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Report - Clipstone Colliery

Discussion in 'Industrial Sites' started by dweeb, Dec 23, 2008.

  1. dweeb

    dweeb Super Moderator
    Staff Member Moderator

    Oct 20, 2005
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    Clipstone was a 1920's pit which was virtually completley demolished and rebuilt by the NCB in the 1950's, to reach a deeper seam of coal. The colliery was equipped with the second highest headstocks in Europe, and at the time a state of the art 'keope' winder.

    The colliery was the first to be bought by Richard Budge in 1998, which eventually led to him running most of the pits in the UK under RJB mining Ltd. He was eventually thrown out of his own company by the board, and went on to form 'powerfuel' which is now doing very well with Hatfield Colliery. RJB went on to become UK coal.

    The colliery closed in 2002, and the bath house and welfare buildings, which were across the road from the main pit were demolished soon after. The rest of the pit sat there until this year when everything but the grade II listed winding house and stocks was demolished

    For me Clipstone winding house was a big deal. I spent most of 2007 touring what little remained of the coal industry, and the winding house and second headgear always stood out from the other odds and sods left on the list.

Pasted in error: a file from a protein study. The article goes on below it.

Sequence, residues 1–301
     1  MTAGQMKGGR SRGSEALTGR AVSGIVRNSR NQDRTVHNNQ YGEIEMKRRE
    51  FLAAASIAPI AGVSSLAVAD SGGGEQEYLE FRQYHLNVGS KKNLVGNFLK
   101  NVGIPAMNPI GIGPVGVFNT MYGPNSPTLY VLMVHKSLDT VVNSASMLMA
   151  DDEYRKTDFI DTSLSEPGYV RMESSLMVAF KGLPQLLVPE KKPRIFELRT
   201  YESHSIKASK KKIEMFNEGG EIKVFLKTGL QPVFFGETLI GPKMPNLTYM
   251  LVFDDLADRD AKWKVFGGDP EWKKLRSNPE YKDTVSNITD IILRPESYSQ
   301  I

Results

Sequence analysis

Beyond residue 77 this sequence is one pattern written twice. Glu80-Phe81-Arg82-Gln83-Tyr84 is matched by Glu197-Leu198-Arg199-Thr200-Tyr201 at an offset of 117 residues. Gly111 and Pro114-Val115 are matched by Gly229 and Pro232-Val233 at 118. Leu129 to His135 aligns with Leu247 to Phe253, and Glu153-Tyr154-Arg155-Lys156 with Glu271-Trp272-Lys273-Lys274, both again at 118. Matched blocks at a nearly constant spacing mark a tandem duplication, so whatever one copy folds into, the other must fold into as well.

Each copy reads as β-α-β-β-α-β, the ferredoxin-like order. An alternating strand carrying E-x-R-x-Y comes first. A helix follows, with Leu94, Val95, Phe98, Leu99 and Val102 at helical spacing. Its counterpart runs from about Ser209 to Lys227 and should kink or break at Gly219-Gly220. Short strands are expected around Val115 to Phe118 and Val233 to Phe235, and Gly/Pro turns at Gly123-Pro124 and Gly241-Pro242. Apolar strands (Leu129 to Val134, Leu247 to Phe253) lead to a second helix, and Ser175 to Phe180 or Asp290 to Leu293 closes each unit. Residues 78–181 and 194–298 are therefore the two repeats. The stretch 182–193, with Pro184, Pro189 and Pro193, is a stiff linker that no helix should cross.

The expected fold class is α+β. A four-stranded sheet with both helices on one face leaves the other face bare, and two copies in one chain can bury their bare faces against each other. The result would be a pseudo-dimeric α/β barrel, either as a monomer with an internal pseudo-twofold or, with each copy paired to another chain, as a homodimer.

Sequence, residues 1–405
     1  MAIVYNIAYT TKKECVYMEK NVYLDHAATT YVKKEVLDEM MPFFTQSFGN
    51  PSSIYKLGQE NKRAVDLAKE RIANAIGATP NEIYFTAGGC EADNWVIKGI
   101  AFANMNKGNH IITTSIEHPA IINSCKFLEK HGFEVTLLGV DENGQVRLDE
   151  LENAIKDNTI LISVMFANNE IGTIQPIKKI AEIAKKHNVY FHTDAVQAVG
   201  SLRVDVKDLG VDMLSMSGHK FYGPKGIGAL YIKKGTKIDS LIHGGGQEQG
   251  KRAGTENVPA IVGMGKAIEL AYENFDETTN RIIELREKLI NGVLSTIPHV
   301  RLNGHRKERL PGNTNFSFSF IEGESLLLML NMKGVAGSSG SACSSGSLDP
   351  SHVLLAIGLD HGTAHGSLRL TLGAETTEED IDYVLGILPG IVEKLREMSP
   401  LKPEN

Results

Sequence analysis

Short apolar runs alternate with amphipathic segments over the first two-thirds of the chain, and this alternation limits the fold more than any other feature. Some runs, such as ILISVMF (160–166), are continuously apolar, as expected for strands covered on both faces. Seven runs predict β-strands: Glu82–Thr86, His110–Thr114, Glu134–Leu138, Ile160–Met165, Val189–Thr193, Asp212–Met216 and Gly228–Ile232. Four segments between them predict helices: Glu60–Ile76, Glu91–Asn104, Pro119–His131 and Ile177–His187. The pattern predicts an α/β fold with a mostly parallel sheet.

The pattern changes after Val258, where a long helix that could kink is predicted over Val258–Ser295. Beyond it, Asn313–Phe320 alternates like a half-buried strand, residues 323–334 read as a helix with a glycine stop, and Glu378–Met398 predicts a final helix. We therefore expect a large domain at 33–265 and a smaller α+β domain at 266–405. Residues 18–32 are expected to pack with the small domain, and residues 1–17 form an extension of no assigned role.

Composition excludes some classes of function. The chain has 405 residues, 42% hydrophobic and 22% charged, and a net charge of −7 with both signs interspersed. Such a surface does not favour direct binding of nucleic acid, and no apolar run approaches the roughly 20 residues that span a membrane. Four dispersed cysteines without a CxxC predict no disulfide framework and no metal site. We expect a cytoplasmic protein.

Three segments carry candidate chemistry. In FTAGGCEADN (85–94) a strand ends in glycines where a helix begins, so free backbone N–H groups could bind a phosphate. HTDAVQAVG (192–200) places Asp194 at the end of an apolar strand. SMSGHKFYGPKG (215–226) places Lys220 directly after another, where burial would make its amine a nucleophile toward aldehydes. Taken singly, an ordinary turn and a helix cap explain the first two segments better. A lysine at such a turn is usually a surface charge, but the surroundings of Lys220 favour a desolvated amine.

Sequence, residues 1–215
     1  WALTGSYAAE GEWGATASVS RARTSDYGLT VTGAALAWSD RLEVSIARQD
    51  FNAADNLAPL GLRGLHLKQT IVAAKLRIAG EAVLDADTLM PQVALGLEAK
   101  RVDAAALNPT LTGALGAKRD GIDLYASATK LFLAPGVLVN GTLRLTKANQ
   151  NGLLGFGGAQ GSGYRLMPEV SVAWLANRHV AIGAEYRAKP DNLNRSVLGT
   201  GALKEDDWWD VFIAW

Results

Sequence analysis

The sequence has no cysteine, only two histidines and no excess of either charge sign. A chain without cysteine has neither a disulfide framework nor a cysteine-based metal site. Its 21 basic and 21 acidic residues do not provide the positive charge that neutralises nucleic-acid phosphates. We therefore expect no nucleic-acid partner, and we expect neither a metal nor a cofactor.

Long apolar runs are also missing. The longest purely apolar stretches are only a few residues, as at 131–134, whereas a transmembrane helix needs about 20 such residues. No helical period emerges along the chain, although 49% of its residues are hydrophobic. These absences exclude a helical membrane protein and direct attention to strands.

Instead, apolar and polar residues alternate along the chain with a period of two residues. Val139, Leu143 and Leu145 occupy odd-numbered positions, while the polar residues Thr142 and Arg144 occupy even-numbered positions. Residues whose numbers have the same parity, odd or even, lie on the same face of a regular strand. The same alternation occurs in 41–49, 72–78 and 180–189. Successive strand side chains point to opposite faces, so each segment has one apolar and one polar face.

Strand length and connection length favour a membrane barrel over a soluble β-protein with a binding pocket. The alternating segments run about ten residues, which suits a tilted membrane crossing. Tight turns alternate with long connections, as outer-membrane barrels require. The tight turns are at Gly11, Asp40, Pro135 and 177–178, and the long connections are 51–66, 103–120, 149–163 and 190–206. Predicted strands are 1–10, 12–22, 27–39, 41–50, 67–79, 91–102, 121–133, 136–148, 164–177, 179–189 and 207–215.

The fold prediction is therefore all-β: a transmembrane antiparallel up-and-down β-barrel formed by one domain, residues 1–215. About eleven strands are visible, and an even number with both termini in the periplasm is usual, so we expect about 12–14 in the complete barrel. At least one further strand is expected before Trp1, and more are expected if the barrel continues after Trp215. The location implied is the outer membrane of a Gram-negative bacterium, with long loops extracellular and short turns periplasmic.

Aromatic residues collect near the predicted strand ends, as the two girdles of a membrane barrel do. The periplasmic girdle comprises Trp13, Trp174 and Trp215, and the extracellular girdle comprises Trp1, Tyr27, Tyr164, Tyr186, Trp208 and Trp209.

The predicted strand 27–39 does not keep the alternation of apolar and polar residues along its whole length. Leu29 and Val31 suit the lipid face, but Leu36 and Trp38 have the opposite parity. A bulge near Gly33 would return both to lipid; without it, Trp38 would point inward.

Inside is amazingly immaculate, with both winders, winding cabins, switchgear and whatnot still firmly in place. Although quite modern compaired with the other winding houses I had seen, there was still the details to be seen... green tiling throughout, large glass walls for natural light, and huge detailed makers plates on all the machinery. A winding house built 20 or 30 years after, such as Castlebridge colliery's is not much more than a tin shed really.

    Climbing the second headstock was epic, the stairs just go on and on and on!! The wheels at the top are the biggest in the country and I love just standing next to them!

    As for Clipstone's future, I am very worried. The winding house has more and more broken windows every time I visit. It is positive the the structure was not damaged by th demolition of the pit buildings, but with that woman on the council adamant to see them demolished I do wonder what will become of this great relic of the coal industry...
















    Turk and I have been lucky enough to drive one of these, and it is harder than it looks! This lever powered the huge braking system, but the skilled winder could bring the cage to almost a dead stop by 'electrically breaking' with the other lever... Turk and I were rubbish at that!:rolleyes:











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    #1 dweeb, Dec 23, 2008
    Last edited: Dec 23, 2008

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